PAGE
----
Caerwent Roman Town: A Lesser Known Site In Wales

Caerwent Roman Town
Facebook
Twitter
Pinterest
Email

Disclosure: This article may contain links to products or services (including Amazon) that pay me a small commission. This is at no extra cost to you.

The best preserved Roman walls in Britain, a major civilian settlement, and a site that hardly anyone seems to know about. This is Caerwent Roman Town, just 16 km from the legionary fortress of Caerleon in southern Wales. A site that is easy to explore, but curiously neglected by visitors.

The Roman Town of Venta Silurum

Caerwent, or Venta Silurum as it was known to the Romans, is one of Wales’s best kept secrets. The largest civilian settlement in Wales, it was built, not for the Romans themselves, but for the Silurians, a native tribe who adopted Roman customs and lifestyle.

Where tribes were co-operating with their conquerors it was a win-win situation for the Romans to establish civilian towns for the local populace. It encouraged romanisation of the inhabitants, and reduced the administrative burden of governing the region.

Ground level foundations of a Roman temple, with modern buildings and trees in the background
Remains of the Romano-British temple at Caerwent

Venta Silurum (venta means “market town”) was established around 75 CE on the main road from Caerleon to Gloucester. As was usual for a Roman town, it was based upon a grid design. The settlement was bisected by a straight central street and surrounded by a square wall. Within the walls were houses, shops, and public buildings including a temple and a marketplace.

Exploring Caerwent Roman Town

Caerwent is small and you could easily explore all of the Roman remains in an hour or two. A suggested route (see picture below) has detailed information boards at each point.

Map of Caerwent Roman Town, showing a suggested route around the Roman remains
A suggested route around the town

Note that much of the site is unexcavated, lying beneath fields or later buildings. This means that many of the houses, and public areas such as the baths, are not visible today.

Roman Shops And Courtyard House

A footpath from the main car park by the West Gate takes you to the remains of a small group of shops and houses. Nearby is the “Courtyard House”, a substantial dwelling. Archaeological evidence shows that it would have had several rooms around two courtyards, with mosaic floors and underfloor heating.

Ground level foundations of Roman shops. The ruins are beside a road with houses and cars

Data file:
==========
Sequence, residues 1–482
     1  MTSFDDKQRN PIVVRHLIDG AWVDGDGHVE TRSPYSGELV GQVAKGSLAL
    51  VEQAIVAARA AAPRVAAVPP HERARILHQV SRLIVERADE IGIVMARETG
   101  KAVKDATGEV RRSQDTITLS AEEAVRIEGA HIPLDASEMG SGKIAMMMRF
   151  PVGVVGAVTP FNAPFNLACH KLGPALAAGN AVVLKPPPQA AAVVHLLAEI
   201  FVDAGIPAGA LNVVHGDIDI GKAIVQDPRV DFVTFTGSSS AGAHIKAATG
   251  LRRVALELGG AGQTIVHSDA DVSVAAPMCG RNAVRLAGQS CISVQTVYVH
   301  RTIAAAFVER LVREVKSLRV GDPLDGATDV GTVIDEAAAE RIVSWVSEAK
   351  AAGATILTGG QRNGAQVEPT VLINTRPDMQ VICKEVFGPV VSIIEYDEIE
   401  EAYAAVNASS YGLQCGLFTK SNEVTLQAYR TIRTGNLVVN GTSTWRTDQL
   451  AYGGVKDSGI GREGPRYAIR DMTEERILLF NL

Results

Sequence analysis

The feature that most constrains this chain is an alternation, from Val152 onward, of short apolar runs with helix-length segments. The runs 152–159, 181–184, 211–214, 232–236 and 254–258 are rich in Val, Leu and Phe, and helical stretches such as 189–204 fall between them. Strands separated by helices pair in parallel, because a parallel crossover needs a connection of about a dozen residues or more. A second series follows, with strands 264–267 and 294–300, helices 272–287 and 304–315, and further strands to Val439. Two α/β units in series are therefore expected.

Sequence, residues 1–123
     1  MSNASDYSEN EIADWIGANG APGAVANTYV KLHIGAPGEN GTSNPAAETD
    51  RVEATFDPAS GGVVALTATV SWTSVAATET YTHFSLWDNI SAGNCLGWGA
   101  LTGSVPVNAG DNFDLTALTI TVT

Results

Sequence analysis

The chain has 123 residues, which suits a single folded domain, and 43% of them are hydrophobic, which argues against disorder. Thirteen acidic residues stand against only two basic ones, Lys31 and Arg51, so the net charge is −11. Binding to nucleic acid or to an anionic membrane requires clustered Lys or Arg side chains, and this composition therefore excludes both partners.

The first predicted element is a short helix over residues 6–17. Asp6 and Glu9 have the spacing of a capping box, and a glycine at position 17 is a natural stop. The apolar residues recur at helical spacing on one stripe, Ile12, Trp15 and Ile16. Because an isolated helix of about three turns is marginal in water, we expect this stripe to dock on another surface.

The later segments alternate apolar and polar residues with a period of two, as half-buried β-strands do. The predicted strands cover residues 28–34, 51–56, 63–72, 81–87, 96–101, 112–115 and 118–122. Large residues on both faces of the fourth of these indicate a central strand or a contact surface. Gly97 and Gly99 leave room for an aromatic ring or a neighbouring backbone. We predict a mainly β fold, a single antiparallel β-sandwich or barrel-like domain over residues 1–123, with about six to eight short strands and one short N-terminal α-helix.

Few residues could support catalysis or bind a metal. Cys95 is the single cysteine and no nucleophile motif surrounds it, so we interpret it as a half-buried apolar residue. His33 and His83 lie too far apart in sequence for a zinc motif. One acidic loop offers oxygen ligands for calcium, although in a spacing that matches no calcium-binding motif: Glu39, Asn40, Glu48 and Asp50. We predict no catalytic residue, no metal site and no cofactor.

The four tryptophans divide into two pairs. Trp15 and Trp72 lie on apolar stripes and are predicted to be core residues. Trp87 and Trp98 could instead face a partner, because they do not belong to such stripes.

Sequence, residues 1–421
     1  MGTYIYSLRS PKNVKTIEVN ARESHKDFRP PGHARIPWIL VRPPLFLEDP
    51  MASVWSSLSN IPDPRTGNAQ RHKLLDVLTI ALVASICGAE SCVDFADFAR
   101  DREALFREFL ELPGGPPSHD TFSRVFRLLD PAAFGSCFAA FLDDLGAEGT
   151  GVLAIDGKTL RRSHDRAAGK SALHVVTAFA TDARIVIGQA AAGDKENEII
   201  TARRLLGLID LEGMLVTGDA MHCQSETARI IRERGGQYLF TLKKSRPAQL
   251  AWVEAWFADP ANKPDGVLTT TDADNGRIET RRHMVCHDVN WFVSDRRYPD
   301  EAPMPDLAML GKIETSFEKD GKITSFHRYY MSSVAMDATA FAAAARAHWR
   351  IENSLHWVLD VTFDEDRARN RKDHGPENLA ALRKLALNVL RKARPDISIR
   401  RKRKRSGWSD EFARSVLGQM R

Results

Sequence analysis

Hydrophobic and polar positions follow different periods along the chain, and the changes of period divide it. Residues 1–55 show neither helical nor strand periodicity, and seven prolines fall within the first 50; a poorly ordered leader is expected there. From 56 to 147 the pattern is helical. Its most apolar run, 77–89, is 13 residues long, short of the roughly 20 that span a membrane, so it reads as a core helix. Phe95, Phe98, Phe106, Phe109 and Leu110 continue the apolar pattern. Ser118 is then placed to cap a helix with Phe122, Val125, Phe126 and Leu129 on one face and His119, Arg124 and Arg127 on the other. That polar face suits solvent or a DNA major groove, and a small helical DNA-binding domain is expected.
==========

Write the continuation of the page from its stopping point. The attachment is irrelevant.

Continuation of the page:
Remains of Roman shops

Temple And Forum

Walk along the main street and you’ll come to the Romano-Celtic temple. This is a standard temple design, built around 330 CE, but no-one is certain which deity would have been worshipped here.

Roman ruins built up high off the ground, surrounded by grass and trees
Remains of the forum and basilica

Behind the temple is the Forum-Basilica area. This would have been the town centre, with shops and bars clustered around the open marketplace. The basilica was a massive hall used for events and public meetings.

Town Walls

The Caerwent town walls are considered to be the best preserved Roman walls in Britain. Built at the beginning of the 4th century, they replaced an earlier earth and timber rampart, and formed a complete circuit with towers and four entrance gates.

Long stretch of Roman wall with a turret. Beside the wall is grassland, and low hills in the distance
Looking at the walls from outside the town

Today you can follow a path on top of the southern section of the walls, walking clockwise from the East Gate to the West Gate (the walls to the north are less complete and not always accessible). You’ll see information boards as you go: don’t forget to come down to ground level occasionally to see how the walls looked from outside the town.

How To Visit Caerwent Roman Town

  • There is a large free car park by the West Gate.
  • The Roman remains are managed by CADW but are free to visit.
  • Note that the walls are not accessible to wheelchairs and may be unsuitable for anyone with mobility problems.
  • Facilities for visitors are limited, but food and drink are available in the Coach & Horses Inn.
  • If you have spare time in Caerwent the 13th century Church of St Stephen & St Tathan is supposed to be worth exploring (it was closed for renovation when I was there, but should be reopening later in 2023). Alternatively, you could combine your trip with a visit to the fortress town of Caerleon.

Facebook
Twitter
LinkedIn
Pinterest

Leave a Comment

Your email address will not be published. Required fields are marked *

About WorldWideWriter

Picture of the author

WorldWideWriter is owned and managed by Karen Warren.

I have been writing and travelling for many years (almost 70 countries at the last count), and I’ve visited every continent except Antarctica. This website is my attempt to inform and inspire other travellers, and to share some of the things I’ve discovered along the way. Read more…

FOLLOW ME

Want a regular dose of inspiration and information from WorldWideWriter?

Sign up to our mailing list now!

Buy Me A Coffee